The blame for the movie’s failure to convey the novel’s full power falls squarely at the feet of Dalton Trumbo, a rank amateur at the age of 66, directing his first feature after a successful (if troubled) career as a Hollywood screenwriter. Uneven is the key word here: powerful scenes alternate with yawningly mundane sequences. The screenplay makes high drama out of the minimalist, black and white scenes in the hospital—where a snap of the head and a nurse’s touch carry heartbreaking significance—then lulls the audience to sleep with the color flashback scenes, where Trumbo doesn’t know what to do with the wider palette. Veteran actors Donald Sutherland and Jason Robards, professionals who know how to do their jobs without coaching, give stellar performances, but Trumbo is clueless on how to coax subtle interpretations out of the younger actors, lead Timothy Bottoms not excepted. It’s frustrating to watch a movie with such great ideas come achingly close to greatness, then fail to scale the heights.
The bad scenes and bad acting go together in Johnny Got His Gun, just as the good scenes correlate with the good actors. The first flashback sets up a young-lovers’-last-night-together scenario with an unexpected, but believable, twist. Unfortunately, Kathy Fields and Timothy Bottoms blank-faced, stilted performances fail to convey the erotic wistfulness of the bittersweet rendezvous. Fields is distractingly bad, but poor Bottoms—who’s since developed into a decent actor—is not yet ready to carry a film with this level of emotion. Pressed into action at the tender age of eighteen, he does his best to carry the film, but he doesn’t yet have the tools to deliver a nuanced performance; he inevitably overemotes, diluting the impact of Joe’s internal howling and sobbing. He’s frequently asked to deliver embarrassingly earnest dialogue that would stymie a vet, and his gormless readings fall flat. (Compare James Cagney’s professional assay of this character in the radio dramatization of the novel, included as a bonus feature on the DVD, to see how much a seasoned thespian could have added to the role of Joe). Thankfully, Bottoms’ performance is largely a voiceover monologue, since in the flashback and fantasy scenes his face is as incapable of conveying emotion as Joe’s eyeless shell of a head.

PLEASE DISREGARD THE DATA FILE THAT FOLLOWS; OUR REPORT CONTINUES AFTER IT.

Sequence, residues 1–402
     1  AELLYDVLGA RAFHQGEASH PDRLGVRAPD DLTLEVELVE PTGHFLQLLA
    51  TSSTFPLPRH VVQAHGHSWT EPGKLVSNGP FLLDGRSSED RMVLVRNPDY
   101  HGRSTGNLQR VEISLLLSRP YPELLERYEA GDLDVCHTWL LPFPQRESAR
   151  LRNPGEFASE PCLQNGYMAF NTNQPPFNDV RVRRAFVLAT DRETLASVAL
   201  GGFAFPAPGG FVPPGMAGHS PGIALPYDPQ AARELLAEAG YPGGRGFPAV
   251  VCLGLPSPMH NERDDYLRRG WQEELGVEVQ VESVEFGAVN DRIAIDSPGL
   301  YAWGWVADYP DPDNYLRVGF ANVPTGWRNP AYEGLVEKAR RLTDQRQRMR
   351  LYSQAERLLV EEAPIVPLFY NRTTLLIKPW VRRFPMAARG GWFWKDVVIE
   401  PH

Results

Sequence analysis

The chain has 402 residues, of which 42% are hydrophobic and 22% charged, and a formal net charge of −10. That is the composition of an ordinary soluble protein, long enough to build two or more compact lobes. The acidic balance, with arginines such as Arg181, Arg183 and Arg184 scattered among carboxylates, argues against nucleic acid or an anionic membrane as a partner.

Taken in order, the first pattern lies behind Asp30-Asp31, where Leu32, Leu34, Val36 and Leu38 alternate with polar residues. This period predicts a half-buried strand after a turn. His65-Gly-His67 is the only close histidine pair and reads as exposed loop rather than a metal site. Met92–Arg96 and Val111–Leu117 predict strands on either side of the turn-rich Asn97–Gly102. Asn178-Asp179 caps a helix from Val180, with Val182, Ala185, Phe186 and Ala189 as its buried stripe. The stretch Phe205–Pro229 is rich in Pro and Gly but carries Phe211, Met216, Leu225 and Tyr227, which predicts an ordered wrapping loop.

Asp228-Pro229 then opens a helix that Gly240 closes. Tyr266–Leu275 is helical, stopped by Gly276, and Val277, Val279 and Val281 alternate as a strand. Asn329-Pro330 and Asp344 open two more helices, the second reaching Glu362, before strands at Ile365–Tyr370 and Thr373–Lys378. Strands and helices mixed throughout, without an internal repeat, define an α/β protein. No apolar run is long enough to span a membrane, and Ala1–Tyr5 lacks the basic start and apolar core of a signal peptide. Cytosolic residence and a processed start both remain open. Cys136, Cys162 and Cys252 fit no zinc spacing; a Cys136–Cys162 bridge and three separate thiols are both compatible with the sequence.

Robards, appropriately laconic as Joe’s dead father, has several good moments; his sequences are also better written. His highlight comes in Joe’s fractured memory of a childhood discussion with his distant dad. The conversation starts out with an unbelievably frank confession by the father that he loves his fishing pole more than his own son. As the dialogue continues, Robards becomes the mouthpiece for author’s cynicism; when his son asks him what democracy is, he confesses “I was never very clear on it myself, but like every other form of government, it has something to do with young men killing each other.” The misremembered scene improbably concludes with the father begging his son to embrace him to hold off the chill of death. It’s a scene which, in its obvious historical inaccuracy, is much more affecting than Joe’s straightforward memories; more psychological distortions like these would have made the other flashbacks more interesting.
If Robards is good, Sutherland steals the show as the Jesus of Joe’s mind. His appearances are all too brief, but he makes for a complex and fascinating messiah. Sutherland conveys a Christ who’s deeply compassionate, to the point of being eternally melancholy over the suffering of others that he feels intensely but is powerless to stop. He tries to comfort doomed souls by becoming one of the guys, playing blackjack with the boys before they ship out to the front. In the film’s best scripted sequence, Jesus, from his carpenter’s shop and in between timber deliveries, tries his best to give Joe advice on reconnecting with reality, only to be met by a series of unanswerable objections from the disembodied soldier. Finally, the visibly troubled Savior is forced to admit that he can’t offer a person in Joe’s position any comfort, and he sadly turns his back on the supplicant. The scene is one of the bleakest visions of futility ever written, and it should clue the viewer in that this story will not end happily.